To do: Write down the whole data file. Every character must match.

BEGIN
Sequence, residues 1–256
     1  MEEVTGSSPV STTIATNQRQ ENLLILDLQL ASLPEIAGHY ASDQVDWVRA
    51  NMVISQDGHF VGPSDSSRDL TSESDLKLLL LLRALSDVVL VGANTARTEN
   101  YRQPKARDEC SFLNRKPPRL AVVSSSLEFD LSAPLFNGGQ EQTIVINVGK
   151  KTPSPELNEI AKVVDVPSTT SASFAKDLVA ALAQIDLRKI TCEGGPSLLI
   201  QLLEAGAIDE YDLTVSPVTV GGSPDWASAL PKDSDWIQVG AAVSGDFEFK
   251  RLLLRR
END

Sequence, residues 1–256
     1  MEEVTGSSPV STTIATNQRQ ENLLILDLQL ASLPEIAGHY ASDQVDWVRA
    51  NMVISQDGHF VGPSDSSRDL TSESDLKLLL LLRALSDVVL VGANTARTEN
   101  YRQPKARDEC SFLNRKPPRL AVVSSSLEFD LSAPLFNGGQ EQTIVINVGK
   151  KTPSPELNEI AKVVDVPSTT SASFAKDLVA ALAQIDLRKI TCEGGPSLLI
   201  QLLEAGAIDE YDLTVSPVTV GGSPDWASAL PKDSDWIQVG AAVSGDFEFK
   251  RLLLRR